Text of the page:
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ID 25195
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Structured Violence as a Form of Southern Culture : The Emmett Till Case and Faulkner's "Dry September"
creator
NDC
English and American literature
abstract
This article is an attempt to explore the structured violence in the South as a form of culture, focusing on such an actual outburst of violence as the Emmett Till case and on William Faulkner's "Dry September" (1931) as a fictional rendering of it. In The American Way of Violence (1972) Alphonso Pinkney detects the strong connection between American Calvinism and the Social Darwinism which helped to advance the tendency of American society to dichotomize human society into two groups such as the saved and the damned, the superior and the inferior, or the good and the evil—a dichotomization which was taken advantage of to justify black slavery and the massacre of Native Americans. William Styron presents in his masterpiece, Sophie's Choice (1979), the idea of the two greatest absolute evils in human history, which, in his view, were materialized in black slavery and theholocaust: the slavery as a collective social enforcement of white supremacy and the holocaust as an outcome of the 'overdetermination' of many social influences, that is, a composite agency of anti-Semitism and other factors such as religion, economics, politics, or nationalism.

This article first highlights an episode in Ernest Hemingway's The Sun Also Rises (1926) in which Robert Cohn was awakened to his Jewish identity and the latent habitus of anti-Semitism at Princeton. We see the same kind of awakening in the Jewish character Nathan Landau in Sophie's Choice, who seems in the end to be crushed by the huge dogma of anti-Semitism. We can recognize the tremendous violence of anti-Semitism in society from the ordeal which the young Lionel Trilling experienced as a Jew at Princeton. In the same vein, we can see the agony of Franz Fanon's Black Skin, White Masks (1967), a work that makes a splendid analysis of the great bias of European Christian culture towards regarding the color black as a stigma, as it is closely connected with Satan, evil, immorality, or darkness—a bias which, in association with the concept of the great chain of being, seems greatly responsible for the view of black people as racially inferior in the human scale. Toni Morrison also draws our attention to such problems as "the pain of being black" in tightly racialized American society which had been shaped not only by the prevalence of Social Darwinism in the late nineteenth century but also by the enforcement of the Jim Crow laws and the twisted interpretation of the Bible endorsed by the idea of white supremacy.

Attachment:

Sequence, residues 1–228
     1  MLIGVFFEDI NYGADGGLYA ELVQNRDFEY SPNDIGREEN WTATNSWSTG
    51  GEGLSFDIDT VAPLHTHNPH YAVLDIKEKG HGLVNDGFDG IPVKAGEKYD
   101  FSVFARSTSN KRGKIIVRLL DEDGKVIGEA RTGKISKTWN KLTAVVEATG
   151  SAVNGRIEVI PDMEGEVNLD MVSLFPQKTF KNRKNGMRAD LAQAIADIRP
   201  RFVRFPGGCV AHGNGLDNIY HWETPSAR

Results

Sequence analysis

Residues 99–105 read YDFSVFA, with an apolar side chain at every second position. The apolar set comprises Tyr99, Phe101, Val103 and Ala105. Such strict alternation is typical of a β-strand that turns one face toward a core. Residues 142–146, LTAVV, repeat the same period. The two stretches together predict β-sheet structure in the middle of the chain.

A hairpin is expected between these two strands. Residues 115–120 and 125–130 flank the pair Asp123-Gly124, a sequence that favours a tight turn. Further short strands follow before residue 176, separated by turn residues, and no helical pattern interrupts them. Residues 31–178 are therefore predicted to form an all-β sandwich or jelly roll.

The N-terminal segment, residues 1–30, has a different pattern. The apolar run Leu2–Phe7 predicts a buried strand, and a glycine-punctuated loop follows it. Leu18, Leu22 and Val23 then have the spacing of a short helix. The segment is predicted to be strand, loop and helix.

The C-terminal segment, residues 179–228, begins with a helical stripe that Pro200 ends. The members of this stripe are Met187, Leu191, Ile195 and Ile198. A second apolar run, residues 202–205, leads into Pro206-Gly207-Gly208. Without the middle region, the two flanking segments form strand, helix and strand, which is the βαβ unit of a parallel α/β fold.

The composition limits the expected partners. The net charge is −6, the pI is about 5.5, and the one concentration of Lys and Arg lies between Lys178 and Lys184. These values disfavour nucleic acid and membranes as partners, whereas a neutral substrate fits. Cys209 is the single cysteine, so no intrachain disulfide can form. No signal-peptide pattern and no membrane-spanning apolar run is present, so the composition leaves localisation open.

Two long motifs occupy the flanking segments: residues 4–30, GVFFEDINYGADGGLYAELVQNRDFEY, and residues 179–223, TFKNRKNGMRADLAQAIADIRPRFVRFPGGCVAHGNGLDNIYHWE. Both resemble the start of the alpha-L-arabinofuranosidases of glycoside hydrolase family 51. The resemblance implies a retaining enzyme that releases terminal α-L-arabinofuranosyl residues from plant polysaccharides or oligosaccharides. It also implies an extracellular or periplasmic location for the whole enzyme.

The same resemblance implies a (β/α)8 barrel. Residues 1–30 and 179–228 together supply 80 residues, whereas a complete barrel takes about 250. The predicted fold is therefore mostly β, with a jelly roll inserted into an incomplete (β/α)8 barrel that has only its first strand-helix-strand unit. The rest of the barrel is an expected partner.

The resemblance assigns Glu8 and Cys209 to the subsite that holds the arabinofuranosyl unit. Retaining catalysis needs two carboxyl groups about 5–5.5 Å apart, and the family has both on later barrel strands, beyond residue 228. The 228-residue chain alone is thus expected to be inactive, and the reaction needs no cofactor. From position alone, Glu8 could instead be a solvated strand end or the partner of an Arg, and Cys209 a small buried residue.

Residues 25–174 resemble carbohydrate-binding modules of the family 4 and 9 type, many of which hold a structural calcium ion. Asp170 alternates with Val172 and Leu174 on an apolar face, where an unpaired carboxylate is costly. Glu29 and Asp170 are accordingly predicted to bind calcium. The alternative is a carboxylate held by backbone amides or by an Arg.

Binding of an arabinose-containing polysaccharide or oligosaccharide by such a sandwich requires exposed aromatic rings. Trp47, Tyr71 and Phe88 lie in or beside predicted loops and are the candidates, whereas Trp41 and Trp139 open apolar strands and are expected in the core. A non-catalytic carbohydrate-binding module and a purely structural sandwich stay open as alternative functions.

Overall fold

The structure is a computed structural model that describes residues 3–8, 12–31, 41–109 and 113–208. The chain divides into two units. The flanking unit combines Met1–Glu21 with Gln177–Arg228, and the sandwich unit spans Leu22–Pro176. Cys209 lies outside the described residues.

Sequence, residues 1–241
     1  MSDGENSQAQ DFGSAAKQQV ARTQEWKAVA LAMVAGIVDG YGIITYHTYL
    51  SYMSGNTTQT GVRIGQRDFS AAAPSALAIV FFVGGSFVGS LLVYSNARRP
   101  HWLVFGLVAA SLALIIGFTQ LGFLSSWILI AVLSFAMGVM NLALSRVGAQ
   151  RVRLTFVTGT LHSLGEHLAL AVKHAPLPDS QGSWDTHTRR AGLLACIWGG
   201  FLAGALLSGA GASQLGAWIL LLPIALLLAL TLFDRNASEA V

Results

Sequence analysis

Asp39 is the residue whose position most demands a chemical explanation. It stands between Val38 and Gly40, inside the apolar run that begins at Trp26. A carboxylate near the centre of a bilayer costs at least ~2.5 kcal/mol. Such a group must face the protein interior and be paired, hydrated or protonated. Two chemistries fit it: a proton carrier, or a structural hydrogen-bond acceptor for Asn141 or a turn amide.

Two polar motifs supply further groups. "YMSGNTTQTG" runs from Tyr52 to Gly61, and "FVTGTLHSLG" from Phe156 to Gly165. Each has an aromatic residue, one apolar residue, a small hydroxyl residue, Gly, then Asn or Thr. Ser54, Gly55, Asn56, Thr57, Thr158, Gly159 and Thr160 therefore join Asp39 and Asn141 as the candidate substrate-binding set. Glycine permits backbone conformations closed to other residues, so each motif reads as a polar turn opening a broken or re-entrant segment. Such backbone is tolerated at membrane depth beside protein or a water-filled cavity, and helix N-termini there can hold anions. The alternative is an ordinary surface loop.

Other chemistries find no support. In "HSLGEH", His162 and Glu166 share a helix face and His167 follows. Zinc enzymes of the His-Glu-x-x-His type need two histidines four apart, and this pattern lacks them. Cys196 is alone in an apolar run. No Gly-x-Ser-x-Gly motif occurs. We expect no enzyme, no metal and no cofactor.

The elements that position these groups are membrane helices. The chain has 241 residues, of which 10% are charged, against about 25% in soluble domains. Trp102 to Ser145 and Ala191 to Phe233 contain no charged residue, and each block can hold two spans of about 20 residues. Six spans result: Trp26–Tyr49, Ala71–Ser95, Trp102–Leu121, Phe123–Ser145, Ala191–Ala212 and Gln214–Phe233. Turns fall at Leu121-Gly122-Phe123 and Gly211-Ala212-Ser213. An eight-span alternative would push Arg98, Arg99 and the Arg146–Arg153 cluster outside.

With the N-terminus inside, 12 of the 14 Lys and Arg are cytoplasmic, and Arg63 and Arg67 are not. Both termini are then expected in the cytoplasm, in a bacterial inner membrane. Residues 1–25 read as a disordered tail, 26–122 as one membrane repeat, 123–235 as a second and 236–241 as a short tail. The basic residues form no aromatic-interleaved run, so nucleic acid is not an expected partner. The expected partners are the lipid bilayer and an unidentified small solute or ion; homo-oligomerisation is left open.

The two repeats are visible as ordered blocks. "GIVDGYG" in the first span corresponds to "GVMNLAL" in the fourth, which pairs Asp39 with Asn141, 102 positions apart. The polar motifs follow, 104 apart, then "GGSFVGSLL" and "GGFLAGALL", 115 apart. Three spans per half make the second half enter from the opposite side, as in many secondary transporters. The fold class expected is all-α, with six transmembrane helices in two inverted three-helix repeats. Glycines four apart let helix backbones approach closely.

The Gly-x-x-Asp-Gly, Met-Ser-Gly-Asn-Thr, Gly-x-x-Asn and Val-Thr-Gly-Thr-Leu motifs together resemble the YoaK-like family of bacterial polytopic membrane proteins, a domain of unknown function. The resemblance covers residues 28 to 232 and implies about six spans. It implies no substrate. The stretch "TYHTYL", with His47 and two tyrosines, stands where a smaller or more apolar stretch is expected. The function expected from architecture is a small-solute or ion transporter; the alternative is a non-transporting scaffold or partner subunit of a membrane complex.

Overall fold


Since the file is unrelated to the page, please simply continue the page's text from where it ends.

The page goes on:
The murder of Emmett Till, a fourteen-year-old black boy from Chicago, by two white supremacists, which took place in Money, Mississippi, in the summer of 1955, is symbolic of the structured violence, which resembles a Southern version of Louis Althusser's idea of "Ideological State Apparatuses" and which is based on the racial fanaticism peculiar to the Deep South. Morrison wrote a play entitled Dreaming Emmett, with the hope that the white and the black could make the nightmare their common memory. William Faulkner wrote a letter of grief and lamentation about this case to a newspaper, deploring the irredeemable violent bigotry of his native soil. In "Dry September" Faulkner describes such bigotry in a Southern small town as revealed in the ex-soldier's effort to maintain "the power structure in which they 'protect' women and terrorize blacks." Nevertheless, we should feel the shock of recognition, as if we were dazzled by the deep chasm between actuality and fiction, when we read his mysterious 1931 letter published in the Memphis Commercial Appeal, a letter saying that lynch mobs "have a way of being right."
journal title
The American Review
issue
Issue 40
start page
39
end page
56
date of issued
2006-03-25
publisher
アメリカ学会
issn
0387-2815
ncid
language
jpn
nii type
Journal Article
HU type
Journal Articles
DCMI type
text
format
application/pdf
text version
publisher
department
Graduate School of Letters



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